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Daniel Spoerri

Le Lieu de Repos de la Famille Delbeck, 1960
assemblage, mixed media
55.0 x 57.0 x 19.5 cm
Two plates, an oven dish, a dirty glass and utensils, an old jar of instant coffee, a few yoghurt remnants, an empty pack of blue Gauloises, a cigarette butt and a pen make up this object assemblage that Daniel Spoerri created in 1960 in room 13 at Hôtel Carcassonne on Paris’s rue Mouffetard. He decided to attach the remains of an impromptu meal to the back of a wooden board he had just bought at an antique shop, then hang it on the wall, naming it simply after one of the sign-plates nailed to the other side: Le Lieu de Repos de la Famille Delbeck (The Delbeck Family’s Resting Place).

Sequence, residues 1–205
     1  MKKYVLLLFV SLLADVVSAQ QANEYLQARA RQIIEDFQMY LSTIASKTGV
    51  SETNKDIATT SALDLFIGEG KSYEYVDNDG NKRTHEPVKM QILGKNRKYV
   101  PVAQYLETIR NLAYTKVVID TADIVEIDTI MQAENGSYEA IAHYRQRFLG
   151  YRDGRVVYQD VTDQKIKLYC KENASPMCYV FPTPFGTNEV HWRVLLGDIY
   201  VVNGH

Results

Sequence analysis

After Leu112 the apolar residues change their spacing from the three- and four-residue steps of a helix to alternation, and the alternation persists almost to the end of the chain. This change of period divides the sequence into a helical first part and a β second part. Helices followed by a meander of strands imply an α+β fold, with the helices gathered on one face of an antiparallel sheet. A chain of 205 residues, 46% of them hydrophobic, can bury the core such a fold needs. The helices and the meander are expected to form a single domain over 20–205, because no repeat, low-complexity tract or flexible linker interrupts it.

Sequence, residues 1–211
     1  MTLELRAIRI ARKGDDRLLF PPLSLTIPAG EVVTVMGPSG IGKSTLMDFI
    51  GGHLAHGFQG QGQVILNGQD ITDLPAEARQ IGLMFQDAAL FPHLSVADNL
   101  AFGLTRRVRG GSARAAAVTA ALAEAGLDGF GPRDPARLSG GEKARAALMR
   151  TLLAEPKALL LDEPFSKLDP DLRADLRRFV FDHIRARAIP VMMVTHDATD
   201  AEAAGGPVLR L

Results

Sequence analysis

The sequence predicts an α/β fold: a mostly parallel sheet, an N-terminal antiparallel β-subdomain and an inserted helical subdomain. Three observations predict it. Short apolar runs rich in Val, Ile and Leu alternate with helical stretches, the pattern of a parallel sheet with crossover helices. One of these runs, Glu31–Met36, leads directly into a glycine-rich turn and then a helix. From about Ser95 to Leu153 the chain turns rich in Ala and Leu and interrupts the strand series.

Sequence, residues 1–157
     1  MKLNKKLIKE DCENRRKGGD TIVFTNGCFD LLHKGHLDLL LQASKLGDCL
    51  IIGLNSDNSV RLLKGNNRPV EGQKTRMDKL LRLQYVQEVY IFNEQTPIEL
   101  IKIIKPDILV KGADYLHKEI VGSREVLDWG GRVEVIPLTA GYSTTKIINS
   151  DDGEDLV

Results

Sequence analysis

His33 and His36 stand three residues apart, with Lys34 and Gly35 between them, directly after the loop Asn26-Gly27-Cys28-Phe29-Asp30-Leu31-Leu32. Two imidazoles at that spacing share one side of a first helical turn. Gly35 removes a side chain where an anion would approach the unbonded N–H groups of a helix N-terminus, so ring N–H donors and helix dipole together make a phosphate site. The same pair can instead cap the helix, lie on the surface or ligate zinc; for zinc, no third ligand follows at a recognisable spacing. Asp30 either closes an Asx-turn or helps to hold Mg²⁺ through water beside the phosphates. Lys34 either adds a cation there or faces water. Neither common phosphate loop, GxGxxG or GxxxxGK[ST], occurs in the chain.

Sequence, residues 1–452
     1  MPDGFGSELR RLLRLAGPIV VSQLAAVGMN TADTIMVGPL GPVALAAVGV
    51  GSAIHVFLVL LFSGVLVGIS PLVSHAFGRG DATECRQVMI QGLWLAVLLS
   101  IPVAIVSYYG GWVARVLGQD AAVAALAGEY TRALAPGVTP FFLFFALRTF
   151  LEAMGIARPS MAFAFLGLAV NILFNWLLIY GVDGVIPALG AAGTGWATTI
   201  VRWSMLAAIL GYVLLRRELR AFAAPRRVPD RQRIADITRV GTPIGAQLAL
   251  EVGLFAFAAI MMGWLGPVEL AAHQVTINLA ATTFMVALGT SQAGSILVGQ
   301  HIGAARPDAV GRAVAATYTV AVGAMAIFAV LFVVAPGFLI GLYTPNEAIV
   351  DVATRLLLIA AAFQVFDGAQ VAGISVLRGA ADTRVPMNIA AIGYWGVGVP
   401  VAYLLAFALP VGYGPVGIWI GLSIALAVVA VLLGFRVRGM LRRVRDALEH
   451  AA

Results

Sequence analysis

Through this strong artistic gesture, here devoid of any esthetic criterion, he created one of the very first of a long series of “Snare-Pictures”, which powerfully and simply embody a principle that the artist shares with the new realists, namely that of showing unvarnished reality. Following a modus operandi that involved both a specific intention and a good deal of chance, the artist created true contemporary still lifes by attaching everyday objects to the support on which they had been placed (a tray, table, chair, etc.), thus freezing specific moments in time, capturing situations in their immediacy – often memories of dinners shared with his circle of friends.

The support vertically hung on the wall snares the objects, giving them a new meaning, just as these objects snare the support, challenging the very idea of a picture and, more broadly, that of a work of art. The “Snare-Pictures” include an element of sharing, resulting from festive dinners served in a few ephemeral locations.
Daniel Spoerri, Le Lieu de Repos de la Famille Delbeck, 1960
Daniel Spoerri, Le Lieu de Repos de la Famille Delbeck, 1960